“It’s not your grandmother’s confirmation”
(June, page 24 in the print edition) reminded me of my confirmation
years. It was there that I memorized hymns, Bible passages and the
catechism. In the article Nancy Going says: “If the church honored that
reality (faith is people-oriented and experiential), confirmation ...
would be a different process than stuffing information into kids’ heads
for three years.” In my father’s final days, I recited the Bible verses
and hymns that were stuffed into my head to comfort him and me. On
Sept. 11 as I crossed the bridge from Manhattan to Queens with masses
of frightened people, I prayed the hymns and passages I had memorized
in confirmation. Whenever I feel doubt or fear, it’s the words learned
so many years ago that give me peace. To this day I try live out my
faith in the light of being called, enlightened, sanctified and
preserved by the Spirit. I’m grateful for what was “stuffed into my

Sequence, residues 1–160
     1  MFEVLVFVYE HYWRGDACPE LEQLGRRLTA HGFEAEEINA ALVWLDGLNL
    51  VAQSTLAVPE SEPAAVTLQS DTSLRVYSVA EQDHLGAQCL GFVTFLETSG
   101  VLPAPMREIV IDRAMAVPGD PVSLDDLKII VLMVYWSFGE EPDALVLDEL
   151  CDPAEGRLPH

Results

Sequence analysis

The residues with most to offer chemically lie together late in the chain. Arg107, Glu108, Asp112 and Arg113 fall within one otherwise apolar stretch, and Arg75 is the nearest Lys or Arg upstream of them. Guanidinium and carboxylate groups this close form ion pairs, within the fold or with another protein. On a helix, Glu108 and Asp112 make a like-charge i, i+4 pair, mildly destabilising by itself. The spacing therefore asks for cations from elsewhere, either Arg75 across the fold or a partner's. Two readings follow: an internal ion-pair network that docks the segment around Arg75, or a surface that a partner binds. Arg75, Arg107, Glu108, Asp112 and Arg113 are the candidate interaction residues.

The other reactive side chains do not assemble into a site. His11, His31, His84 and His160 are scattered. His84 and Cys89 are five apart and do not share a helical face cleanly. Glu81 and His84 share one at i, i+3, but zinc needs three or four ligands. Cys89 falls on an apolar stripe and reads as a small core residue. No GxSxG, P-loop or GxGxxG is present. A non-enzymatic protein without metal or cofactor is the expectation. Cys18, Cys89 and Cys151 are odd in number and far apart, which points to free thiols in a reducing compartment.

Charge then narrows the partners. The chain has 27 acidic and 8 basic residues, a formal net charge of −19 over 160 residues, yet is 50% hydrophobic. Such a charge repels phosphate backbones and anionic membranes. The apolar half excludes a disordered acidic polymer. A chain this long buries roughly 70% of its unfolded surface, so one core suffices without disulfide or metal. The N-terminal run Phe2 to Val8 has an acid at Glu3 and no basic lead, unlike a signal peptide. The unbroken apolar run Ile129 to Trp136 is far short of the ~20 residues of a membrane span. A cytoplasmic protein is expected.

head” at the ages of 11 to 13. Let’s remember that we’re nourishing
young Christians for the present—and building on their baptismal
foundation for their future.
Learning the creeds and teachings of the Lutheran church can be somewhat dry at times. Is that bad? Must our kids always be entertained? Pastors should be offering hands-on Christian activities at the same time, such as working at the food kitchen or participating in worship by baking the bread for theeucharist. If kids are to demonstrate some knowledge of Lutheran theology and how we are to act as Christians in this world, let’s keep confirmation where it is. Kids want to belong,and confirmation is a rite of belonging to God and to the Lutheran church.
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© 2016 Augsburg Fortress, Publishers